- Associated Press - Tuesday, October 23, 2012

SAN FRANCISCO (AP) - Fans labeled Marco Scutaro a super-sub in Oakland for all his fill-in roles. Others called him a Colorado castoff in July, and his new San Francisco Giants teammates nicknamed him “Blockbuster” for the often overlooked trade-deadline move.

Now he has a new title: NLCS MVP.

Scutaro tied the league championship series record with 14 hits to earn the honors, capping off his remarkable run with three singles and a walk in San Francisco’s 9-0 victory over the St. Louis Cardinals on Monday night in the decisive Game 7.

After several stops and bumps along the way, the 36-year-old has finally found a place where fans will know his name for years to come.

“As soon as you get traded, you kind of start thinking where you’re going to live, your family, you have to pack,” Scutaro said. “I kind of thought I had a really good opportunity to make the playoffs with this team. We just started playing good, and here we are in the World Series.”

In a fitting ending to a series that saw Scutaro absorb a hard and an admitted late slide from Matt Holliday that strained the second baseman’s left hip, Scutaro caught Holliday’s popup through the pouring rain for the final out.

He batted .500 with two walks, scored six runs and drove in four. Hideki Matsui (2004 Yankees), Albert Pujols (2004 Cardinals) and Kevin Youkilis (2007 Red Sox) also had 14 hits in an LCS. And Scutaro’s 10-game hitting streak ties Cody Ross and Alvin Dark for the longest in Giants postseason history.

Starting Wednesday night in San Francisco, he’ll have a chance to break that mark when the Giants host the Detroit Tigers in Game 1 of the World Series.

“It took him a couple days to adjust to us, but he really has been a leader since he got here,” said pitcher Ryan Vogelsong, who won Games 2 and 6. “He’s played great. He’s played great defense. He’s a true professional. He knows the game. He does all the little things right. Everything you’d lay out on a table for a guy to do, he does.”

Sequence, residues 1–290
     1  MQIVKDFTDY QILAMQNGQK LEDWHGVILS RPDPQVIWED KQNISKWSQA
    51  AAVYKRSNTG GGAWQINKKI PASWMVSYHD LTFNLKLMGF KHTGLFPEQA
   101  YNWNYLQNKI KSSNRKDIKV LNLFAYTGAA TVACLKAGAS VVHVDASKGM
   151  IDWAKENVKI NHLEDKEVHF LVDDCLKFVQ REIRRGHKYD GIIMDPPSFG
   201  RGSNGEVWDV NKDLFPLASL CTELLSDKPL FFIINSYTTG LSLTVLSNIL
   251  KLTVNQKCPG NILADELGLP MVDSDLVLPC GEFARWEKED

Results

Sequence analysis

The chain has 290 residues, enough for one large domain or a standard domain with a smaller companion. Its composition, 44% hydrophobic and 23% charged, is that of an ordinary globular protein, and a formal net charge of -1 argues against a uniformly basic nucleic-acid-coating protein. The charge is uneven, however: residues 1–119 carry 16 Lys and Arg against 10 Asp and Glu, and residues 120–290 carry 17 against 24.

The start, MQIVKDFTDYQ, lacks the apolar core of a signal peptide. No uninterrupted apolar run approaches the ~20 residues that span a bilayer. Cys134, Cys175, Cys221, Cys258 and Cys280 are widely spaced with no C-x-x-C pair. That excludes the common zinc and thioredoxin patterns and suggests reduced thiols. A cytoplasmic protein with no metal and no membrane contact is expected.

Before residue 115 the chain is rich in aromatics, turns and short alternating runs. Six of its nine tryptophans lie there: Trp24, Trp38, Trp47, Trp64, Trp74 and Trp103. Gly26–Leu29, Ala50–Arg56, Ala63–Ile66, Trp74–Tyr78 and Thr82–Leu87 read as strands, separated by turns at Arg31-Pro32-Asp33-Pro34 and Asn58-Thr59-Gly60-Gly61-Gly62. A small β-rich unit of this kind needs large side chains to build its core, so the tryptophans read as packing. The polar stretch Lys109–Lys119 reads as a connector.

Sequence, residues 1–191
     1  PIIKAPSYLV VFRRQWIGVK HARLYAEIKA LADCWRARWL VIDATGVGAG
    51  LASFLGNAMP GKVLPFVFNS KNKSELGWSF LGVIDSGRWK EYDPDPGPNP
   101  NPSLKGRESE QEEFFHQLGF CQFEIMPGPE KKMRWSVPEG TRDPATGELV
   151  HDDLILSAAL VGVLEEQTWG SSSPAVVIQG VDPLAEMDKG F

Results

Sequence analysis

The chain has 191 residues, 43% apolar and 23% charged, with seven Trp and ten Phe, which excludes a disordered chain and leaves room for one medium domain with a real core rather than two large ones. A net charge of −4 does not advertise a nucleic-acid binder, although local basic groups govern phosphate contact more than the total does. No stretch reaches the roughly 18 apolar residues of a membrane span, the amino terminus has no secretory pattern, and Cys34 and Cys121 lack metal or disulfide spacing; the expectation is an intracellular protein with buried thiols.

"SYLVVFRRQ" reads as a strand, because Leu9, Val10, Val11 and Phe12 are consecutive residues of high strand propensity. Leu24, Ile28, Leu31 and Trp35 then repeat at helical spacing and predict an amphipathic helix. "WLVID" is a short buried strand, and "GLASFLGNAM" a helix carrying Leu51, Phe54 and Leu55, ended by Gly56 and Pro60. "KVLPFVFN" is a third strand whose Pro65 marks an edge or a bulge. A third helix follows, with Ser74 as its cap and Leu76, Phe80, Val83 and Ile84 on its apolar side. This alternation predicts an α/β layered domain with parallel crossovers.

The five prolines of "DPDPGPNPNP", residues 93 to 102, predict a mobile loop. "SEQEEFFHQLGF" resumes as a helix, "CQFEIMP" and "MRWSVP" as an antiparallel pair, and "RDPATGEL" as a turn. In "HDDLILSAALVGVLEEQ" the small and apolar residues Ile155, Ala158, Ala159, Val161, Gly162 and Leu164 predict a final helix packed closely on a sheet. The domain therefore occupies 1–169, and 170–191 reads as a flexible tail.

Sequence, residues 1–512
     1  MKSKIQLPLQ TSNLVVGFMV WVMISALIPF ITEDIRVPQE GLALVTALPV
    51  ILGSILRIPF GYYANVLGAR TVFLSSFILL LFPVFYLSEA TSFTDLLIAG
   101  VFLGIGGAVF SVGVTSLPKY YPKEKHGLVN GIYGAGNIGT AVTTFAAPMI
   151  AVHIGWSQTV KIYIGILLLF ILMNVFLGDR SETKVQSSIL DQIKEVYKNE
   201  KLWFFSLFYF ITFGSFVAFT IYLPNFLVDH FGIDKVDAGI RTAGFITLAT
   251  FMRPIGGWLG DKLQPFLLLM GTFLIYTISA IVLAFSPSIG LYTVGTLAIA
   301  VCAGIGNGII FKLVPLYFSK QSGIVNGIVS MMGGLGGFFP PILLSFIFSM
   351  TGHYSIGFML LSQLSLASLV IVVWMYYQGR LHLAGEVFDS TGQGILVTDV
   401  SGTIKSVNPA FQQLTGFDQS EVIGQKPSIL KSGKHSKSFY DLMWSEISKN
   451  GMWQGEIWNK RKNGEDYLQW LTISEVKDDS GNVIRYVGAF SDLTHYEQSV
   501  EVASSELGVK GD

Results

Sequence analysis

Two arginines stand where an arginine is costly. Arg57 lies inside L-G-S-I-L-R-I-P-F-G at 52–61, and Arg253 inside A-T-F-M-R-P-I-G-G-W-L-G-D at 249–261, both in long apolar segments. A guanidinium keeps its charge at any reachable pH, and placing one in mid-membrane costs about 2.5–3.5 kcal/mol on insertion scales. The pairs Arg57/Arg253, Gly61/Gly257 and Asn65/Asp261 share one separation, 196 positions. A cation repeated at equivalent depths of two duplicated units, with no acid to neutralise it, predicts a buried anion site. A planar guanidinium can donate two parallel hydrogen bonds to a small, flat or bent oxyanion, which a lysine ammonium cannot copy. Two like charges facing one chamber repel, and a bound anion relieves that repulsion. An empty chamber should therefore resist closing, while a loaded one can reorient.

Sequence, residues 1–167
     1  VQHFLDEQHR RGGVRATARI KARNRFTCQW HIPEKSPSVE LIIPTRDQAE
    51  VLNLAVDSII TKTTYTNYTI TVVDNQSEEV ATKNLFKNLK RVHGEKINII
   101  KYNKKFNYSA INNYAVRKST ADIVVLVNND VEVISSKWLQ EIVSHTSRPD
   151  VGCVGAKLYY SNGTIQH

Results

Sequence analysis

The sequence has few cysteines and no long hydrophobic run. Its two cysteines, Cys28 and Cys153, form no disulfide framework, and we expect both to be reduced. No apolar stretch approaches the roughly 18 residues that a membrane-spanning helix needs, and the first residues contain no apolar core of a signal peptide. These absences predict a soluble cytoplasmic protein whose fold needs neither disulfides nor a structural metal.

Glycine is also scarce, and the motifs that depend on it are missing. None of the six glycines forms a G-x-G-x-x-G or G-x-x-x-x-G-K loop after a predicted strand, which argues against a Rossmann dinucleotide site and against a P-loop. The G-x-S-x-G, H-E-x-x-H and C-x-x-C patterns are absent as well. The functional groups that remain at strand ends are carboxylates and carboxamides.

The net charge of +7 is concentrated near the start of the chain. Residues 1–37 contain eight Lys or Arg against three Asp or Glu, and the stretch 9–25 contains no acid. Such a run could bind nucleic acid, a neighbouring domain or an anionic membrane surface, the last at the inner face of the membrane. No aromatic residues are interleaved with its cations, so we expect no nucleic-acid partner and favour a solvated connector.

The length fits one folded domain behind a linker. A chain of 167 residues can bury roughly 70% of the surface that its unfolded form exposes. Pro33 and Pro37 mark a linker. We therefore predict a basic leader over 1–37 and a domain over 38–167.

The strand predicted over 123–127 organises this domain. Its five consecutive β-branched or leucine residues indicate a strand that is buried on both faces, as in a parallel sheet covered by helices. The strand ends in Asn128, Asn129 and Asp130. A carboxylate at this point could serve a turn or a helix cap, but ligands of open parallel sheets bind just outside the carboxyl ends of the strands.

The Giants acquired the Venezuelan native at the trade deadline. It turned out to be one of baseball’s best moves, and easily one of its most overlooked.

While the rival Dodgers’ spending spree made headlines from coast-to-coast, the Giants took on just $2.1 million of Scutaro’s salary from Colorado in exchange for minor leaguer Charlie Culberson.

All Scutaro has done since is make opponents pay _ and he earned a $75,000 bonus for winning NLCS MVP honors in the process.

“That’s the best thing that’s ever happened so far,” said Giants ace Matt Cain, who threw 5 2-3 innings of five-hit ball in the clincher. “That’s why it’s `The Blockbuster.’”

He had a major impact even before October, batting .339 after the All-Star break to power the Giants‘ playoff push. Scutaro has delivered in the biggest moments in the postseason, and in many ways, has become the 2012 version of Ross.

The Giants plucked Ross off waivers in August two years ago and watched him capture MVP honors in the NLCS against Philadelphia and help lead them to the first World Series title since moving from New York in 1958. And just like in 2010, general manager Brian Sabean’s move made the biggest noise at the most key time.

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